• A preoccupation with the preparation of food;
  • Making list of “good” and “bad” foods.


Symptoms of bulimia:

Bulimia is characterised by:

  • Eating binges which involve the consumption of large amounts of calorie rich foods, during which, and afterwards, the person feels a loss of personal control and self-disgust
  • Attempts to compensate for binges and to avoid weight gain by self-induced vomiting, and/or by the abuse of laxatives and fluid tablets
  • A combination of restricted eating and compulsive exercise so that control of weight dominates the person’s life.


Food can often become an area where a survivor can exert control by:

  • Deciding when and if they can eat
  • How much and what they eat
  • Denying themselves when they are hungry
  • ‘Punishing’ themselves for feelings or memories they have about the abuse, by not eating or by eating and then purging
  • Working through the hunger
  • Surviving on very little amounts of food

Accomplishing these things can feel like victories in gaining control over their lives and bodies after the sexual assault or abuse took that control and choice away.  Some survivors may deny themselves food in order to become thin and lose any resemblance of a female figure.  Other survivors may want to gain weight to cover or hide areas of their body, or in attempt to make themselves appear less attractive.  This may or may not be on the conscious level of the victim.  Vomiting can become a means to express the revulsion and repressed emotions caused from the assault as well.



Effects of anorexia and bulimia:


Physical effects

The physical effects can be serious, but are generally reversible if the illnesses are tackled early.  If left untreated, severe anorexia and bulimia can be life threatening.  Responding to early warning signs and obtaining early treatment is essential

Both illnesses, when severe, can cause:

  • Harm to the kidneys
  • Urinary tract infections and damage to the colon
  • Dehydration, constipation and diarrhoea
  • Seizures, muscle spasm or cramps (resulting from chemical imbalances)
  • Chronic indigestion
  • Loss of menstruation or irregular periods
  • Strain on most body organs

Many of the effects of anorexia are related to malnutrition and can include:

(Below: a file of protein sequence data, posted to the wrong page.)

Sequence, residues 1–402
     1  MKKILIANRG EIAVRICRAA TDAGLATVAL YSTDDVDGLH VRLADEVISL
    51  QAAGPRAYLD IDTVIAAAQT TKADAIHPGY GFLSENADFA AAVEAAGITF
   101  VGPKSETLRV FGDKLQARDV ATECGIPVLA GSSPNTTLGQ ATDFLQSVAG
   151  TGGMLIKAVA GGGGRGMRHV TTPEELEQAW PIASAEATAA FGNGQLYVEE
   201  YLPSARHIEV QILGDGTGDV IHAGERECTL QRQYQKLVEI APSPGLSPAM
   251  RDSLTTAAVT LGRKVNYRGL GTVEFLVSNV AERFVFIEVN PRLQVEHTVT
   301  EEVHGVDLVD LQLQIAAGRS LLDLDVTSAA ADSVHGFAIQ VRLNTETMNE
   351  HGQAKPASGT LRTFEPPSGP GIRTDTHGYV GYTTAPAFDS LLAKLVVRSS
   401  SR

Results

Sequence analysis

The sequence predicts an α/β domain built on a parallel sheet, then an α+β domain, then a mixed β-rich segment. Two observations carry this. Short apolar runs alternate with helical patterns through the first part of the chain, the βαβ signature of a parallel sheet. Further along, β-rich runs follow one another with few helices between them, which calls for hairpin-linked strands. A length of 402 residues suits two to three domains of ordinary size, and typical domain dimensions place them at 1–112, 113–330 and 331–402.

• Absence of menstrual periods
  • Severe sensitivity to the cold
  • Growth of down-like hair all over the body
  • Inability to think rationally and to concentrate


Severe bulimia is likely to cause:

  • Difficulties with activities which involve food
  • Loneliness, due to self-imposed isolation and a reluctance to develop personal relationships
  • Deceptive behaviours relating to food
  • Fear of the disapproval of others if the illness becomes known, tinged with the hope that family and friends might intervene and provide assistance
  • Mood swings, changes in personality, emotional outburst or depression


How can I help if I know someone who has an eating disorder?

Finding out that someone you care about has an eating disorder can be hard.  The person does not have these behaviours to make you feel bad or guilty but they can be difficult to understand.   Find out as much information as you can to support this person.

Changes in eating behaviour may be caused by several illnesses other than anorexia or bulimia, so a thorough physical examination by a medical practitioner is the first step.

Once the illness has been diagnosed, a range of health practitioners can be involved in treatment as the illnesses affect people physically and mentally.

Be supportive without reinforcing the behaviour by letting the person know that you are there for them if she/he wants to talk.  Make the initial approach, but don’t push that person to disclose the information.  If you are concerned about the person but unsure how to bring it up, you may speak with a counsellor or help line for more information or strategies.


Where to go for help?

  • Your general practitioner
  • Your school or university counsellor
  • Your community health centre

And finally, don’t forget to take care of yourself.  Recognise that this is a difficult situation and you need time to adjust and make sure you are caring for your needs as well as the person you are caring for.

For further information and support, please contact Laurel House (North) on 6334 2740, Laurel House North-West on 6431 9711, or email